In Morocco, food is all about conviviality, shared experience and tradition. That’s why tanjia, a slow-cooked meat stew in a specific-size pot, is so prized. Eating tanjia – made from cheap cuts of meat and spices cooked for hours in a communal oven stoked by a local – is the ultimate expression of love and respect for Marrakechi culture.
Marrakech is a bustling, thriving city filled to the brim with market stalls and crowded streets, but the people who live here always make time to sit down for a meal. And while tagine is often thought of as the classic food of Morocco, tanjia is just as delicious. Authentic tanjia is cooked in an urn that is nestled in the warm ashes of an enormous communal oven called a furan, and Maloud Bin Faraji Rahal Soudani, who looks after one of these in Marrakech, is an expert at making sure that his customers’ dinner never burns.
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What is tanjia?
While it’s likely that you’d recognise a tagine dish, the vessel that tanjia is made in isn’t so widely known. Made of clay and shaped like an amphora, it was originally used to transport olive oil. The word ‘tanjia’ refers to both the pot and the dish, which over the years started to be used as a cooking vessel by Marrakech’s working men. The food is also sometimes called bent r’mad, or ‘daughter of ashes’, as the clay urn is tucked into the ashes of the fire for its long, slow cook.
As Bouldine, the founder of Boho 27 Hostel in Marrakech, explains: “Tanjia is the only dish that physically takes you travelling through Marrakech. You can’t find it anywhere else, even in Morocco. In Marrakech people eat tanjia in one dish, on one table.”
The tradition of tanjia
While anything can be cooked in a tanjia, traditionally meat such as beef back or veal shank is a major component of the dish; the low temperature and long cooking time ensure a tender, confit-like result. Visit any butcher in Marrakech and ask for meat for a tanjia and they’ll know what to give you – most often the cheaper, fatty cuts that come into their own in a stew. “Picking up the ingredients for tanjia in the market is part of a tradition that has gone back hundreds of years,” says Bouldine. Yassin Bilouche, a Marrakechi butcher, shares his tip for a flawless result: “Always say ‘In the name of God’ before you put the meat in so it comes out nicely.”
Spices are another important ingredient. Saffron, cumin, garlic and preserved lemon are common. Vegetables such as onions and pulses such as chickpeas or other beans can be included, but a simple version just with meat, spices and a very small amount of water is the most frequently eaten. It’s the lack of liquid that makes the meat so giving.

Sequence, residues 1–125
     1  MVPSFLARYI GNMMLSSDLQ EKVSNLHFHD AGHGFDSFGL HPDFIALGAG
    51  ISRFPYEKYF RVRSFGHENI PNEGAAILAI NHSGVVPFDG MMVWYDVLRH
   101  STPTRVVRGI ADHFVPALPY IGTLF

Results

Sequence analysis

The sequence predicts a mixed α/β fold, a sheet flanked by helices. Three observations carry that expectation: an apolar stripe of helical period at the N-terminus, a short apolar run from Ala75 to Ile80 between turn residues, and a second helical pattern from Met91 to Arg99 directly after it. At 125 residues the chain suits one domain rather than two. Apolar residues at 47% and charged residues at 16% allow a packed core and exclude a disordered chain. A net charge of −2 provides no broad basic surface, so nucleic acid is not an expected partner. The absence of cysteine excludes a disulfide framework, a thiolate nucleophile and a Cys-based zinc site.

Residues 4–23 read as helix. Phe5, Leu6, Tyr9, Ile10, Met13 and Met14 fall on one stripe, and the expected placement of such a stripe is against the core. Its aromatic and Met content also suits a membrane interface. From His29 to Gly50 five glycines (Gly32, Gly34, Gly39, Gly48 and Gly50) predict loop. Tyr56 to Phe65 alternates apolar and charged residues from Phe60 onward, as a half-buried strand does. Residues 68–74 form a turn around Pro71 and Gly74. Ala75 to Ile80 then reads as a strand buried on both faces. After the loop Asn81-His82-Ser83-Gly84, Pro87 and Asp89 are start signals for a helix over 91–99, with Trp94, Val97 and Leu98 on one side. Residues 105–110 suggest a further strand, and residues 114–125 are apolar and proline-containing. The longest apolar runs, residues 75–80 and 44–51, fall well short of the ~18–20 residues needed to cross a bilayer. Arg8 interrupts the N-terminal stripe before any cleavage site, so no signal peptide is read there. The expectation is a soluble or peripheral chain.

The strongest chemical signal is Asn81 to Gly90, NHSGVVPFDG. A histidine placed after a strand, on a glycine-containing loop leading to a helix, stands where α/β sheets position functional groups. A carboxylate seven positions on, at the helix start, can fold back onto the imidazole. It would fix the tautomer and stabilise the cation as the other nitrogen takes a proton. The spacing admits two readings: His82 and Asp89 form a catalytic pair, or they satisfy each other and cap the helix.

Tanjia, a dish for men
Tanjia has a history as rich as the meat it’s made from. Because it’s such a simple, cheap dish to make, it has a reputation as being a dish for single, working men to prepare before work, leave cooking in the furan while they toil and then share with their friends come mealtime. Sometimes groups of men would band together to buy the ingredients for tanjia, allowing them to enjoy it together even more easily.
The sharing aspect of the dish persists today. Soudani, tender of one of the city’s traditional communal fires where tanjia is forged, has been providing his customers with flawless foods for years. “A Marrakechi will invite his friends over,” he says. “He will go and prepare a tanjia. He makes it and calls his friends when it’s ready and he sits with them and they pass time in each other’s company. His friends will say, ‘We are hungry!’ And he will say, ‘Dinner is ready.’ The tanjia is cooking around the corner. He just has to clap and the tanjia will arrive. A big celebration!”
How is tanjia cooked?
Once all the ingredients have been added to the urn, it’s sealed with parchment paper that is tied over the neck of the amphora with string or wire. The surface of the paper is then pierced so steam can escape through the holes – a crucial step, as otherwise the result will be too watery.
Carried by its handle to the communal oven, the tanjia is placed into the ashes of the roaring hot fire and left there for a good few hours – there’s no precise cooking time as the meat takes a while to cook and thus isn’t prone to becoming dry and tough.
“Only a few people understand the responsibility it takes to run the furnace,” says Soudani. “When someone brings you a tanjia [to cook], it’s because they appreciate your work. That tanjia is a depiction of you. When he pours it out to eat, I will either feel proud or disappointed.”
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